The Inuit Tapiriit of Canada are protesting attempts in the United States to have polar bears designated as an endangered species. They argue that the bears are being killed in sustainable numbers, that a listing in the United States would cut off the supply of hunters, and that such hunting provides vital economic stimulus within their communities. Apparently, the total population of polar bears is estimated at 25,000. Between the summers of 2006 and 2007, 498 bears were killed – 120 of those by commercial hunters who paid about $30,000 for the right to do so. They also hired guides and purchased goods and services within native communities.
The situation raises a number of moral questions. The most obvious is whether it is ethical or prudent to fund conservation efforts through hunting. Unsurprisingly, The Economist says yes, at least for African game. It does make sense to say that ensuring conservation of nature depends on making such conservation in the interests of those who live in the region. After all, they are the only ones with a sustainable capacity for enforcement.
The polar bear may also be a special case. It is estimated that melting sea ice could slash their numbers by two thirds or more by 2050. In response to that, it is possible to argue that saving as many as possible from hunting is justified; it could also be argued that we may as well hunt them, since they are doomed anyhow.
The particular case of polar bears is probably not especially important. Barring dramatic and sudden shifts in the climate policy of most states, it seems unlikely that more than a handful will survive the coming Arctic melt. It is entirely conceivable that all Arctic summer ice will be gone in a few decades and that the bears will only survive in zoos, and possibly by shifting to a new habitat and food supply. The effect those changes will have upon the Inuit are difficult to over-state.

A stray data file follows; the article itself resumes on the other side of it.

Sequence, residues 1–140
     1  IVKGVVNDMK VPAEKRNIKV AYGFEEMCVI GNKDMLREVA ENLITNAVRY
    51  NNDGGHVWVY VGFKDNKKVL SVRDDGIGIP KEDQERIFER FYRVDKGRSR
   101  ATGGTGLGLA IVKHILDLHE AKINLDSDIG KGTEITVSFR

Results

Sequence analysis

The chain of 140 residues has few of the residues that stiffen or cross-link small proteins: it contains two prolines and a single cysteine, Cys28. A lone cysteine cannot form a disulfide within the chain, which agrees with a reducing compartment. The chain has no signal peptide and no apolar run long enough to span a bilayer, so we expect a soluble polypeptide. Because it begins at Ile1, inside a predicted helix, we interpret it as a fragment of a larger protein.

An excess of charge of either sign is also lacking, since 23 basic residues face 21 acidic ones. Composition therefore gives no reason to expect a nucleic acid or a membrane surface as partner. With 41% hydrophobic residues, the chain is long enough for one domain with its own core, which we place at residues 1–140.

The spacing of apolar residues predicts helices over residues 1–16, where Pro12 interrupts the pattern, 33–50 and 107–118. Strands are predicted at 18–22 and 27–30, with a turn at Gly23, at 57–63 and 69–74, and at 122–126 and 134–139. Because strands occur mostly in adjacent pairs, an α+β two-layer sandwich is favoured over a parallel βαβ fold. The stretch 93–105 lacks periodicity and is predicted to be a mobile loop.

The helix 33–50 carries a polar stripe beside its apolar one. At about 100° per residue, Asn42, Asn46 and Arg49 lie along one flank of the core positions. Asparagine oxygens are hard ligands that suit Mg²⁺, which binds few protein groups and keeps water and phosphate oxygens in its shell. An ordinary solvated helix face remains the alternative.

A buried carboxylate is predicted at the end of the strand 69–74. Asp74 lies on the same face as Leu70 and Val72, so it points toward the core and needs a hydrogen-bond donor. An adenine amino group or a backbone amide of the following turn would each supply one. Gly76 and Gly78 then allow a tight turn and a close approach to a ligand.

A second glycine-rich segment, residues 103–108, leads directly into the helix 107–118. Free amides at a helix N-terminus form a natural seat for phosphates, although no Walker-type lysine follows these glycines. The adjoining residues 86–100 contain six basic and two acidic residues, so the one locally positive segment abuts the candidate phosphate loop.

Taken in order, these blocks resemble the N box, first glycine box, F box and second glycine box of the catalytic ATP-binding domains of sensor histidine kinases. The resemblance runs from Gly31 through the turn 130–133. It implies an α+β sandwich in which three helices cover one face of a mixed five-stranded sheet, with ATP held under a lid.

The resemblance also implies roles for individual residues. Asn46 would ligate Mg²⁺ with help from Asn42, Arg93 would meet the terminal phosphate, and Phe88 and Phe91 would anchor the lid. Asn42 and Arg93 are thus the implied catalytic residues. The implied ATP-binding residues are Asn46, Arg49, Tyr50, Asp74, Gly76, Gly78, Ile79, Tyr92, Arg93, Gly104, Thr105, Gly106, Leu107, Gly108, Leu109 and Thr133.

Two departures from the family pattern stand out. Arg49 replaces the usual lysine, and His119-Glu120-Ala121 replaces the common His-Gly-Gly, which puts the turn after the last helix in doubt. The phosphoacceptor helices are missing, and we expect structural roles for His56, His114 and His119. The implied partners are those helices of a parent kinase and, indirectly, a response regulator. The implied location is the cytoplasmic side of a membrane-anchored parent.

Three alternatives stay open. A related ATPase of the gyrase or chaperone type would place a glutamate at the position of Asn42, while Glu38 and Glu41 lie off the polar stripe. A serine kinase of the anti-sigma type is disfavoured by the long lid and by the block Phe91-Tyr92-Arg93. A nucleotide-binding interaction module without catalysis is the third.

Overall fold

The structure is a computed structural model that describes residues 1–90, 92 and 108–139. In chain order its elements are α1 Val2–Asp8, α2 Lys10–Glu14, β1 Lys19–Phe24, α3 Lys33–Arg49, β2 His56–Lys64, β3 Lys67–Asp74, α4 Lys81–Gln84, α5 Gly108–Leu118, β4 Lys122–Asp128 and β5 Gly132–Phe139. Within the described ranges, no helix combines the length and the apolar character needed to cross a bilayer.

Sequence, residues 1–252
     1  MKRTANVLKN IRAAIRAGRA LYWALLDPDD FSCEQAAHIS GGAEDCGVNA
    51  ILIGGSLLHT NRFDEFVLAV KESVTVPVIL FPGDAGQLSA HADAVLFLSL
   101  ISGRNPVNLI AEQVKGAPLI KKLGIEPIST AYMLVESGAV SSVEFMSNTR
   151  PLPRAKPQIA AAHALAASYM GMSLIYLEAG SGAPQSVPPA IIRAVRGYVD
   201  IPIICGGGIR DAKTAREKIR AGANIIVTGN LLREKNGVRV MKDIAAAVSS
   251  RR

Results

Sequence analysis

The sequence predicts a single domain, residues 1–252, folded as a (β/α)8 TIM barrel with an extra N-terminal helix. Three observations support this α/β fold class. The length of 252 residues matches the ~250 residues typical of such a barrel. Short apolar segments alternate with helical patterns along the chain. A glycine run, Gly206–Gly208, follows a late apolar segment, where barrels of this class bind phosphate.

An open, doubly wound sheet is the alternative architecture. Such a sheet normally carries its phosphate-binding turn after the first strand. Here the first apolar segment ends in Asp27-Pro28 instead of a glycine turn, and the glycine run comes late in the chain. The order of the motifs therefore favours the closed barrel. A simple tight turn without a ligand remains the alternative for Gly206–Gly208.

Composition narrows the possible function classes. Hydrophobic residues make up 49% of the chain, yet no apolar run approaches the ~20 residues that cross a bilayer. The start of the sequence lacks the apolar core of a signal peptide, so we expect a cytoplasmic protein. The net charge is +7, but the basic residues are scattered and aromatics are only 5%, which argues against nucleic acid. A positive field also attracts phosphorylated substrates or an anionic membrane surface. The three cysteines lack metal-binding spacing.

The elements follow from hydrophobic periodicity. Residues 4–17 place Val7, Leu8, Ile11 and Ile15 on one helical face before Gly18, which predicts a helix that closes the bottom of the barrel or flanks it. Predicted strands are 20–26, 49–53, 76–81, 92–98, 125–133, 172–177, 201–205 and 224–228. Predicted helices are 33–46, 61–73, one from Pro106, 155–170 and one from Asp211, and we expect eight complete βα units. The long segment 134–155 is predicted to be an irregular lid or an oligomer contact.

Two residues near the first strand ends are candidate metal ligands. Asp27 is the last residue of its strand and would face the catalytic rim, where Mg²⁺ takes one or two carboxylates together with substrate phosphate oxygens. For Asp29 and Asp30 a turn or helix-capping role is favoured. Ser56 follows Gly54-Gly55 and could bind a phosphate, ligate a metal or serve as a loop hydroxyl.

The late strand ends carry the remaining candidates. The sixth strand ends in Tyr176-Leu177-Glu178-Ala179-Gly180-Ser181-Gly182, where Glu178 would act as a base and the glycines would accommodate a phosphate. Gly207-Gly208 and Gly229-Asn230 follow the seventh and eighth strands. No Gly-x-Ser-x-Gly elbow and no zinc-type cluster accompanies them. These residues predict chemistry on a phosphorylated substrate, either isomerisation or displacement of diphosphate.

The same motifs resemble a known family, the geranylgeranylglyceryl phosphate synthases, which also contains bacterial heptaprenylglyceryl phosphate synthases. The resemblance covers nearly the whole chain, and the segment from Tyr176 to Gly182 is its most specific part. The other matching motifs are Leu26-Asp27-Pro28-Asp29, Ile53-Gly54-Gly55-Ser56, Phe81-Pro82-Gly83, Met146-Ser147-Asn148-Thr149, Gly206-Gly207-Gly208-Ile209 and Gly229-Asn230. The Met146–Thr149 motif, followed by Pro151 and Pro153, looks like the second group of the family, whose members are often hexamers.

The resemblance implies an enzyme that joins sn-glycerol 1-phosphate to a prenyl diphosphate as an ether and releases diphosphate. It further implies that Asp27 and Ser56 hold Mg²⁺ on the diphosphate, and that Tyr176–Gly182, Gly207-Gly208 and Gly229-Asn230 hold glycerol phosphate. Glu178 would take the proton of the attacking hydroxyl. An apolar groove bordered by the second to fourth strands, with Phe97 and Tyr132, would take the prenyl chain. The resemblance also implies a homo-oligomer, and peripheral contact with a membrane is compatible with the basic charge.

A more general moral question raised by all of this is: “To whom do species belong?” Legally, they belong to the states in which they are found. At the same time, it is part of international law that states are not permitted to take actions that impose ecological costs on other states. Clearly, Brazil or Indonesia burning or cutting down their rainforests has such an effect. The situation is less clear when it is a locally important ecosystem or a single species being considered. Do people in India or France have a right to the existence of polar bears? Is it part of the collective of nature, within which we are all trustees?
It does seem as though there is a certain force to that argument, and a parallel obligation on the part of states not to destroy elements of their natural legacy. Of course, a strong case can be made that allowing hunting to pay for conservation serves rather than violates this principle. Such are the kinds of questions that need to be hashed out within international law and politics as the clash between a notion of state sovereignty predicated on non-interference clashes with the nature of a world as interconnected and full of humans as ours is.